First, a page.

Source: Courtesy of Wikimedia Commons
BRENDAN (Bréanainn), SAINT, Irish abbot and missionary, traditionally connected with voyages westward towards North America and possibly even to present-day Canada; b. c. 484; d. c. 578.
It is believed that he was born near Tralee, County Kerry, Ireland, the son of Christian parents. He was ordained at the age of 26 and later founded the important monastery at Clonfert, County Galway, of which he was abbot. Mt. Brandon, on Dingle peninsula, is named after the saint, and to the west of it is the supposed location of “St. Brendan’s Isle.”
St. Brendan is reputed to have visited such places as the Faeroe Islands, Iceland, Jan Mayen Island, the Antilles, the Azores, the Canaries, and even Greenland and the mainland of America. Although the Irish had reached and even established a religious community in Iceland before A.D. 800, there is nothing to connect Brendan with this venture. Nor is there any reliable evidence to show that either Brendan or any of his countrymen had ever reached Greenland or America. Very early a Vita Sancti Brendani was written and then later a Navigatio which incorporated parts of the Vita and the date of which is disputed (Selmer dates the earliest manuscript at the turn of the 10th to the 11th century). This Navigatio relates the voyage or voyages of the saint in search of the paradisum terrestre (tir tairgirne) or Promised Land of the saints. It was circulated in numerous manuscripts and translated into many languages.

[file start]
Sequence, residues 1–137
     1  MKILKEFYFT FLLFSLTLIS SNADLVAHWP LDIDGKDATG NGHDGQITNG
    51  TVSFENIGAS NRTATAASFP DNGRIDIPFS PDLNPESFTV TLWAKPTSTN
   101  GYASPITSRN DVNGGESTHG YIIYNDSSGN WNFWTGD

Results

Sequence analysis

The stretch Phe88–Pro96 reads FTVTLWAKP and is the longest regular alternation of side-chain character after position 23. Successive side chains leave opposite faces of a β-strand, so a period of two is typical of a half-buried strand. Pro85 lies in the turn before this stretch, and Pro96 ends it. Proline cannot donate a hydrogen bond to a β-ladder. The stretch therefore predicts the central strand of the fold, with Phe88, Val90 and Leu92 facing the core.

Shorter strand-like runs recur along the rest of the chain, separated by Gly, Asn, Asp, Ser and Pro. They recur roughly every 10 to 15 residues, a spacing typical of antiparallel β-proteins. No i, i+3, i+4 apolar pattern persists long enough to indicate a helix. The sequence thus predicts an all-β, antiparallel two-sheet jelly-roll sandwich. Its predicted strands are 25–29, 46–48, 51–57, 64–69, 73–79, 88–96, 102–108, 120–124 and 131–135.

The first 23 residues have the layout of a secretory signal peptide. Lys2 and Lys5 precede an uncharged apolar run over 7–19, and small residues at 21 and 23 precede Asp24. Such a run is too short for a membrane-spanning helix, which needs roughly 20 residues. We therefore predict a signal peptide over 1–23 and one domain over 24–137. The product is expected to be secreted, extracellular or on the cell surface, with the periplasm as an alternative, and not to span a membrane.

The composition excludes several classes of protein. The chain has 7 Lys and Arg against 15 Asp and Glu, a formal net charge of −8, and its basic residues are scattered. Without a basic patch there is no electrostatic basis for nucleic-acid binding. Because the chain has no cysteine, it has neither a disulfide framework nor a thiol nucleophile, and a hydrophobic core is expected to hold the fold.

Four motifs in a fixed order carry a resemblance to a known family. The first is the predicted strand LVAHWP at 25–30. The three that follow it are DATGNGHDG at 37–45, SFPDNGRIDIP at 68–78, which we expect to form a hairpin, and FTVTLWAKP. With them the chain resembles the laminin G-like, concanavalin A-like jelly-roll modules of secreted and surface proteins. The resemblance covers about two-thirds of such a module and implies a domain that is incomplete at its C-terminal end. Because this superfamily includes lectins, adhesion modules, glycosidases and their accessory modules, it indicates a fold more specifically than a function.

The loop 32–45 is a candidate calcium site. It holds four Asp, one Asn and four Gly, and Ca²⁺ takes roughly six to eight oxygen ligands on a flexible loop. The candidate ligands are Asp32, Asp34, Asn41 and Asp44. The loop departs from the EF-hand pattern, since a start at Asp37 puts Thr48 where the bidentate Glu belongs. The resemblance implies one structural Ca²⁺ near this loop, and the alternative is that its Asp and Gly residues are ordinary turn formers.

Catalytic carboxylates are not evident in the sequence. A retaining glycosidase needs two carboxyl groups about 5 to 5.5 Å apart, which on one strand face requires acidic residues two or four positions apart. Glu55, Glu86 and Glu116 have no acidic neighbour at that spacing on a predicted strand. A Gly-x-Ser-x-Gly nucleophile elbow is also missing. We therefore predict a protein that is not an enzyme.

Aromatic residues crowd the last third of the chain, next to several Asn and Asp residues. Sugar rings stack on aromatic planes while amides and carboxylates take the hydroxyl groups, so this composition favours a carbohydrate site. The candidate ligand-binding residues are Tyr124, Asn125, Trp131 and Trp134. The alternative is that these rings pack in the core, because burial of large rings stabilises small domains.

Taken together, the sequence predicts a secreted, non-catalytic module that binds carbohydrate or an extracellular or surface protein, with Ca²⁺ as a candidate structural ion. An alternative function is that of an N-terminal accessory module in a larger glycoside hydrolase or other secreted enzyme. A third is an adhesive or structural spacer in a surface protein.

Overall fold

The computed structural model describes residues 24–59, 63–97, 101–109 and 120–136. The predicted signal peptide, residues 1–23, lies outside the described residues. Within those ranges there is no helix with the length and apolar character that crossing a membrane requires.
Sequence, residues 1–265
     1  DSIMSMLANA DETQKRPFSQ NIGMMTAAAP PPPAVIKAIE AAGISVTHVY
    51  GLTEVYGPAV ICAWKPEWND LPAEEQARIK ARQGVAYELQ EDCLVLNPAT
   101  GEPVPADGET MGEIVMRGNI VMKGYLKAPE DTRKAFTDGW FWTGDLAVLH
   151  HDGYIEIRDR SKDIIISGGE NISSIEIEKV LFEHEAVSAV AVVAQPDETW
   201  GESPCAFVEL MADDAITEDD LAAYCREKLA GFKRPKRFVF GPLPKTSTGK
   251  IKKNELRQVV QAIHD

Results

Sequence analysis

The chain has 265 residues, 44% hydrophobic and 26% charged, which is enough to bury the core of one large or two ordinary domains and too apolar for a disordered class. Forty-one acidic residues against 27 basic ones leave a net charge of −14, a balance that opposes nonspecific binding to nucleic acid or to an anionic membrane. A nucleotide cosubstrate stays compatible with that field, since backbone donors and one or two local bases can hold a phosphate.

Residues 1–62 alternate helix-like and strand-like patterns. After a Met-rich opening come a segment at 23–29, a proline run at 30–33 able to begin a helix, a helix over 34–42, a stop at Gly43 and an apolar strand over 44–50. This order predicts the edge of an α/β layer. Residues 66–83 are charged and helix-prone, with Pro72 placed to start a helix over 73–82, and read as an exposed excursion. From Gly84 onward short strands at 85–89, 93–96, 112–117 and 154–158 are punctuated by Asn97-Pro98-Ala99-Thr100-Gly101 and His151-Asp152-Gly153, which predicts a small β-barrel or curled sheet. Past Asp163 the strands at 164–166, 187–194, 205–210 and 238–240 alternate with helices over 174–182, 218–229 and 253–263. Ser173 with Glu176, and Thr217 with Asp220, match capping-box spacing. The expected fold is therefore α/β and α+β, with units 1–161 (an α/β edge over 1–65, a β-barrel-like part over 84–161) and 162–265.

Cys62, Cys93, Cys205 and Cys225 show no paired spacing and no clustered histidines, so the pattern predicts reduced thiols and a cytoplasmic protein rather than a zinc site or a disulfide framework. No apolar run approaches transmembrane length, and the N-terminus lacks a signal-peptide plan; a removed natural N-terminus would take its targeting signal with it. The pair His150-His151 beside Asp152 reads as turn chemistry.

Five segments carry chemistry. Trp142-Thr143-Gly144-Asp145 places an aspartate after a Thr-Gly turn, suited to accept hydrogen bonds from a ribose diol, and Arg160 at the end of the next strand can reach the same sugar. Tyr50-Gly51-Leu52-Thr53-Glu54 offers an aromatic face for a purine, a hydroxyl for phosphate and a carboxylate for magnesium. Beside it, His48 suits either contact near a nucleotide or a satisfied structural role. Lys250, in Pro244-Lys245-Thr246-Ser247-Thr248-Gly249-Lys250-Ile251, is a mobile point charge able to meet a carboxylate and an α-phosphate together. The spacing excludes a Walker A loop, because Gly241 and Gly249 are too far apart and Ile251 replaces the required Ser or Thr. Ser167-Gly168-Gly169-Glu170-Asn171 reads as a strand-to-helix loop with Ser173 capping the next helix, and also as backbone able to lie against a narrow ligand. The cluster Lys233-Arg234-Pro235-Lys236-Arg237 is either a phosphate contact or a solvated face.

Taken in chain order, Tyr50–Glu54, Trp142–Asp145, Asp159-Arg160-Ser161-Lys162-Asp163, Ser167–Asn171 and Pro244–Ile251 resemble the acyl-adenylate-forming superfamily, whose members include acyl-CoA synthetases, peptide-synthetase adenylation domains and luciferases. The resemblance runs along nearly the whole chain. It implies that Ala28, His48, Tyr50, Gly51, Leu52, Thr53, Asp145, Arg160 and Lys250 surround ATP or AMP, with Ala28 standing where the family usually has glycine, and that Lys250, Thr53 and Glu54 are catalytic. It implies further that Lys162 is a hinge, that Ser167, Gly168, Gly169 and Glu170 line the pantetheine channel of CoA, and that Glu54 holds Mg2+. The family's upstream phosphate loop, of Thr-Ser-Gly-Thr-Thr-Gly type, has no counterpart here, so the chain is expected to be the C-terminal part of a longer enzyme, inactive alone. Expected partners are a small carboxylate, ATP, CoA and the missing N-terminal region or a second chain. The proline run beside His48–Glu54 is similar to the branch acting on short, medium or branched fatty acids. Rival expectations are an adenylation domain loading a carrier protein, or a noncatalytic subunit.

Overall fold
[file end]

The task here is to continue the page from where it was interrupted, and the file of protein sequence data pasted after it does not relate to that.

It is a much more reasonable argument that, where the Navigatio Sancti Brendani contains what might be construed as information about the seas or lands west of Iceland, this was derived from accounts of the voyages of the Norsemen in the north Atlantic (or, in cases where Iceland seems to be indicated, from the Irish monks who fled Iceland at the approach of the Norsemen in 870) transmitted by the numerous Scandinavians who visited or settled in Ireland in the years 800–1200.
A close scrutiny of the relevant Icelandic sagas (Saga of Eric the Red, (chap. 12); Eyrbyggja saga (chap. 64); and the Landnámabok (chap. 171)) can lead only to the conclusion that they are inapplicable to any “White Men’s Land” in America, and indeed no land is to be found in six days’ sailing west of Ireland. St. Brendan or others like him may have crossed the Atlantic but there is no real evidence for this view. If they did, they left not even transient memorials, such as one would expect to find described in the Icelandic sagas. Therefore we may assume that the Norsemen did not come into contact with a flourishing Irish colony on the east coast of Canada or of the United States of America.
Navigatio Sancti Brendani abbatis, ed. Carl Selmer (Notre Dame, Ind., 1959) contains a full bibliography and account of the